Satellite technology enables 24 hour monitoring in the Caucasus SEARCH NEWS


A mountain-top radio transmitter 1,300 metres above sea level has transformed the working practices of rangers employed by the Foundation for the Preservation of Wildlife and Cultural Assets (FPWC) with support from World Land Trust (WLT).

VivaCell-MTS funded and installed the transmitter, which now provides strong mobile and internet coverage in an area of the South Caucasus that includes the Caucasus Wildlife Refuge (CWR), which is owned and managed by FPWC. VivaCell-MTS is the leading telecommunication company in Armenia and FPWC’s main corporate partner.

“Being able to stay in communication with one another is very important in winter when heavy snow-fall, ice and unpredictable weather conditions make our work often very difficult and even dangerous,” explains Gor Hovanissyan, one of the rangers employed with funding from WLT’s Keepers of the Wild fund.

High-speed internet is now also available in the Urtsadzor Eco-Training Centre, which means that the rangers can send data and photos directly to FPWC’s main office in Yerevan.


As well as providing a reliable means of communication in a remote mountainous area, the new technology has enabled FPWC to install seven new online webcams in the CWR, which provide continuous, real-time, live streaming that can be watched and recorded on computers and screens all over the world.

FPWC unveiled the first online camera at a media event on 15 October. The launch was attended by the General Manager of VivaCell-MTS who used his opening speech to highlight the importance of FPWC’s work for the conservation of Armenia’s rare and endemic animals.

Not only can viewers watch any wildlife that comes in range of the camera but they can also see wildlife feedings of Golden Eagle (Aquila chrysaetos) and rare vultures: Cinereous Vulture (Aegypius monachus), Bearded Vulture (Gypaetus barbatus), and Griffon Vulture (Gyps fulvus).

FPWC is providing additional income to villagers in communities surrounding the wildlife refuge by purchasing carcasses of cattle and other dead stock, which are then placed in view of the cameras and used to “feed” threatened wildlife. Fresh carcasses will be provided twice per month contributing a much-needed, reliable food source for the CWR’s vultures and other wildlife.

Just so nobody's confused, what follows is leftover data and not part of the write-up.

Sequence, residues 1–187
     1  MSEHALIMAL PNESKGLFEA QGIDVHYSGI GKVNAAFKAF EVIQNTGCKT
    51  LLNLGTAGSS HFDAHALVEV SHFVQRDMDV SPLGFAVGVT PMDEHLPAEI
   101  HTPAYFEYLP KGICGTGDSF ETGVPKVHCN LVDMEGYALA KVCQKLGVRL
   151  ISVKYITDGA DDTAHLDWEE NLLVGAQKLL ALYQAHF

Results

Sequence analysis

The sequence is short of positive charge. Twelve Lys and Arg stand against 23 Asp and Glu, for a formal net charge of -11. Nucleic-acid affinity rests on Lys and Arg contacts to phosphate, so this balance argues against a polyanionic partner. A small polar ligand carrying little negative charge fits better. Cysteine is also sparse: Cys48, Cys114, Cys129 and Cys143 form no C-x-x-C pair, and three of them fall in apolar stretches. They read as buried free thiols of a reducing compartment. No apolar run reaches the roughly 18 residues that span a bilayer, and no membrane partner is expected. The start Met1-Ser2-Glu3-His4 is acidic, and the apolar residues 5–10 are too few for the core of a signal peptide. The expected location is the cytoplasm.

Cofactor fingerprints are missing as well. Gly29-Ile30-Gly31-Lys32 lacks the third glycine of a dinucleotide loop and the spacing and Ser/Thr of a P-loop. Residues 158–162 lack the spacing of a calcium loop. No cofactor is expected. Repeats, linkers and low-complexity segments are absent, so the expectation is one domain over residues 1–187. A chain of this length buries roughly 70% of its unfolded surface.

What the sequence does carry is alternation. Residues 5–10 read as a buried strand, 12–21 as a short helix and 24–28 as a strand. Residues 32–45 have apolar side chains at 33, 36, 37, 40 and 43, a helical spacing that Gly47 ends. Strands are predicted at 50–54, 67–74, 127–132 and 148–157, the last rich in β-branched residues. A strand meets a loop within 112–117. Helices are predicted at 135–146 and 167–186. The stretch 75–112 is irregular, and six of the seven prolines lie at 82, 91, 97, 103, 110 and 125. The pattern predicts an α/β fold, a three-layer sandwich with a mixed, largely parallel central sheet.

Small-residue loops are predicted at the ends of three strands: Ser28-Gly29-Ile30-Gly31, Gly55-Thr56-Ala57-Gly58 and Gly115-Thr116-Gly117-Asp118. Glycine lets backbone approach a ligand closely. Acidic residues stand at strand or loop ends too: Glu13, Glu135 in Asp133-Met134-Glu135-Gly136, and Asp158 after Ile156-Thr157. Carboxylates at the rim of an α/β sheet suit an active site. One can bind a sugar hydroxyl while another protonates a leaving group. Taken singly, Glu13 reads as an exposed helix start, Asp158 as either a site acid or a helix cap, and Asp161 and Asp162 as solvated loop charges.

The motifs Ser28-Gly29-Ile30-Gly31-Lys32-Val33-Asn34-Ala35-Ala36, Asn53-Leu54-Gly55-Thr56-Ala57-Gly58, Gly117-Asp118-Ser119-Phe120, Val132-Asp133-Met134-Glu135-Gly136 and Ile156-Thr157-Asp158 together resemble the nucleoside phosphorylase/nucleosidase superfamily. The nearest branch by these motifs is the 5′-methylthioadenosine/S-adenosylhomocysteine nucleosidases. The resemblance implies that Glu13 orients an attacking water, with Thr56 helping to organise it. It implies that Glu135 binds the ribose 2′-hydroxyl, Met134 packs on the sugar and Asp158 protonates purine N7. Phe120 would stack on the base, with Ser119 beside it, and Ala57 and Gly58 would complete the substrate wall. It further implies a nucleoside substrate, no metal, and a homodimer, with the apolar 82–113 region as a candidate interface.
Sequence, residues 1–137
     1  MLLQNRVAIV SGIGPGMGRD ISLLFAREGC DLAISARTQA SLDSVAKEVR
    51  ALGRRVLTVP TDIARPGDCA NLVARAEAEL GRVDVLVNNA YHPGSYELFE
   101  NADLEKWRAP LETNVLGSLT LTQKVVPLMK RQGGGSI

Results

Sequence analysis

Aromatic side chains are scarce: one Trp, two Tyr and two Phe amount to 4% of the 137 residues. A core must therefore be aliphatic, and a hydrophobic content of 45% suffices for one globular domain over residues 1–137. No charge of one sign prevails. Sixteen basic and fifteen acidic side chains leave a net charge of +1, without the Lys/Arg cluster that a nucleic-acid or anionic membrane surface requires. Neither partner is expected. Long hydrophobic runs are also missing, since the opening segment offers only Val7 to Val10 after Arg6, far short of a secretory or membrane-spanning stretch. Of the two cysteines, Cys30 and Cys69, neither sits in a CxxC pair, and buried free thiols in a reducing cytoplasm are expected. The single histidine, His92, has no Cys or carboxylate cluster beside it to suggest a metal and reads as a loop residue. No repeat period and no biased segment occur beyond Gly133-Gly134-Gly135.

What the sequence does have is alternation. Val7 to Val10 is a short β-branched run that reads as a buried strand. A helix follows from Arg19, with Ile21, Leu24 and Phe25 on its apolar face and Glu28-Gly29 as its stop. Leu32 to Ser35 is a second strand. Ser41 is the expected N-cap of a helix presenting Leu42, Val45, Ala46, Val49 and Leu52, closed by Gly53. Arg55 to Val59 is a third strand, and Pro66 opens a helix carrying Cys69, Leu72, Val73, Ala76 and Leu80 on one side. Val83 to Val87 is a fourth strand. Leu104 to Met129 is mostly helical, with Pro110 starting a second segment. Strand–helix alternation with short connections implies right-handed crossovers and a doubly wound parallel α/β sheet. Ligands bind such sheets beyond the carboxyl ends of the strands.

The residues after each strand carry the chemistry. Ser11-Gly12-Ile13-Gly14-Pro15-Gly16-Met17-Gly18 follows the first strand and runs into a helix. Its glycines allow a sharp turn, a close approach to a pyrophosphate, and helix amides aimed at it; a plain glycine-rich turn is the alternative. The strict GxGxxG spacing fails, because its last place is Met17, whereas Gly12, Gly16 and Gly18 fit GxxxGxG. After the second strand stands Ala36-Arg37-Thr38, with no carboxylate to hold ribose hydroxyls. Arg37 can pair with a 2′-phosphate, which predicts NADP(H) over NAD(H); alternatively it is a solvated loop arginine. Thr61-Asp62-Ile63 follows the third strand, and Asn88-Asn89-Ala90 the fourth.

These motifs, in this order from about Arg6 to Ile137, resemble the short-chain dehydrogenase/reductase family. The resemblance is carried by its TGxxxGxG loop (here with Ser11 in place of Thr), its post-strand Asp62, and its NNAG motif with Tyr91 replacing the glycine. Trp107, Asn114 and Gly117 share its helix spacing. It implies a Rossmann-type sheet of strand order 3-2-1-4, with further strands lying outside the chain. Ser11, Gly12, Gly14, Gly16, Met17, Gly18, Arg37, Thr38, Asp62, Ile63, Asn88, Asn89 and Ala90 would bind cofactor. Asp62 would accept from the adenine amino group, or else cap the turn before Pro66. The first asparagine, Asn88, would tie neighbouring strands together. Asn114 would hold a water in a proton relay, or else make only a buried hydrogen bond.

Images from the webcams can be viewed on FPWC’s website and on WLT’s website.

Trail cameras

The rangers have also installed a further 10 trail cameras with GSM capability (global system for mobile communications), thanks to a grant from the European Outdoor Conservation Association. “Not only do the new cameras provide round the clock surveillance of wild animals in real time, but they save hours of rangers’ time as before we had to check the camera traps regularly and to take out the footage manually,” said Gor.

The 10 trail cameras are triggered by motion. As soon as there is a movement in the area, the GSM camera immediately sends reports and images via SMS (short message service) or email. This keeps rangers alert to any animals passing the cameras, and also exposes any illegitimate human intruder in the area (poachers, hunters, loggers, thieves for cameras). The cameras work day and night, and in any weather conditions, ensuring high quality images and accuracy.

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More information

Armenian webcams stream live images to WLT website »

WLT has been working in partnership with FPWC since 2010 and helps to support the cost of leasing the CWR as well as funding rangers through the Keepers of the Wild programme. You can help WLT support conservation in Armenia by making a donation to Action Fund and putting “Armenia” in the comments box or by making a donation to Keepers of the Wild

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